A very important feature of terms -- including those that are built with functions -- is that they denote things, that is they stand for or refer to things. So, the example of #$MotherFn applied to Chelsea Clinton denotes “Hillary Clinton.” You should think of that term as being equivalent to the compound English phrase or expression “the mother of Chelsea Clinton,” who is in fact Hillary Clinton.
You should think of the second example, where we applied the #$BorderBetweenFn to Sweden and Norway, as a non-atomic term that denotes the border between Sweden and Norway – in other words, a certain geographical line.
Non-atomic terms are like other terms in that you can apply a predicate or a function to a non-atomic term and therefore form a sentence or another (even more complex) non-atomic term.
Telling the difference between a predicate and a function in the CycL language is easy. Just remember that the name of a predicate always begins with a lower-case letter. With very few exceptions (that you don’t need to worry about at this point), only predicates start with lower-case letters. So if you see something starting with a lower-case letter, it’s a predicate. Functions, on the other hand, are a little looser as far as their possible names go. Usually, the name of a function will have Fn at the end of it, or sometimes somewhere in the middle. Almost always it will have an Fn as part of it. But that’s not a hard and fast rule. There are some exceptions, as you’ll learn, but for the most part, if you’ve got the Fn there, you know it’s a function.
To see some examples that are comparable to each other that we’ve already looked at, let’s review. You have #$mother, which is a predicate (you can tell because it’s lower-case), and that’s different from #$MotherFn, which is of course a function, not a predicate. The first one, as we know, can be applied to two arguments and it gives you a sentence. The second one applies to one argument and it gives you a non-atomic term.
Now, below that are two other examples that you haven’t seen yet. There’s a predicate called #$sponsors and there’s a corresponding function called #$SponsorFn-Agent. Now the predicate #$sponsors, like all predicates, can be used to form a sentence. The sentence there, “(#$sponsors #$GeneralMotors #$USOlympicTeam),” is a CycL sentence that’s equivalent to saying that General Motors is one of the sponsors of the US Olympic Team. Below that, where we have a non-atomic term built with a function, that applies the function SponsorFn-Agent to the USOlympicTeam. So, that is a non-atomic term. It’s not a sentence, it’s not something that’s true or false. It’s a term that denotes something. In this case, as you can probably figure out by the names of the terms in there, it is a non-atomic term that denotes…. Well, if you think about it, the US Olympic Team doesn’t have just one sponsor, it has a number of them. So what you might be able to surmise from that is that this term, this full non-atomic term, denotes, not just one particular sponsor (because there is no one sponsor of the US Olympic Team), it denotes the collection of sponsors of the US Olympic Team. And if you looked at the definition of #$SponsorFn, you would see clearly, because it would be stated, that that’s the case.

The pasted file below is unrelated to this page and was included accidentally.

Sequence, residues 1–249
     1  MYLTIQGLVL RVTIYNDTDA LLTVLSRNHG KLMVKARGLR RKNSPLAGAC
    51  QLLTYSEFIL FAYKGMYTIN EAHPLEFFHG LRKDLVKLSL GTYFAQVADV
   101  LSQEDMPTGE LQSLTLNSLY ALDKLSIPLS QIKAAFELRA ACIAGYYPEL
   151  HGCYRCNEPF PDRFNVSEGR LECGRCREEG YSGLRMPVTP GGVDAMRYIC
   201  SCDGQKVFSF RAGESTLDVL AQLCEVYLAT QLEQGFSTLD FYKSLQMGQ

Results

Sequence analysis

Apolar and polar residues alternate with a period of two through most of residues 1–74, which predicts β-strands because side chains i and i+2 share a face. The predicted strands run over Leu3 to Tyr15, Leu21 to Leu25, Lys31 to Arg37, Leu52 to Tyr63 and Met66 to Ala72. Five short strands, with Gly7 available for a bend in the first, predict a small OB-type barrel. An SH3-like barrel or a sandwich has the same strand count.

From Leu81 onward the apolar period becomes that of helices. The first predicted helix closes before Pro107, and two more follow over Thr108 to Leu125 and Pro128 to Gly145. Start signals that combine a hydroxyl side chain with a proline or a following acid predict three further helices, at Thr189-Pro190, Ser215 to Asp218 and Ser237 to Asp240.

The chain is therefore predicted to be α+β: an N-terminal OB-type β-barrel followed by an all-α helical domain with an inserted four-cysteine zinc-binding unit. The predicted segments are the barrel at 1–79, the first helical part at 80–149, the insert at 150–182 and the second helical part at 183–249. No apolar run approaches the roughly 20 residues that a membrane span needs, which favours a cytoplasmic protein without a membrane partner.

There are a couple of important features that every predicate and function has. First of all, arity. Arity has to do with how many arguments a predicate or function requires, or in other words, how many arguments you have to apply the function to at a given time to result in a meaningful sentence or term.
Then there’s also the notion of argument types, which has to do with what types of things a predicate or function requires as a particular argument.
We’ll be getting into arity and argument types in more detail in the next two lessons.
- Predicates are used to make sentences
- Predicates are truth-functional relations
- Predicates are extra-logical relations
- Functions are used to make non-atomic terms (NATs)
- NATs denote things
- Differentiating between predicates and functions in CycL
- Two central features of predicates and functions are arity and argument types
This concludes the lesson on the basics of predicates and denotational functions.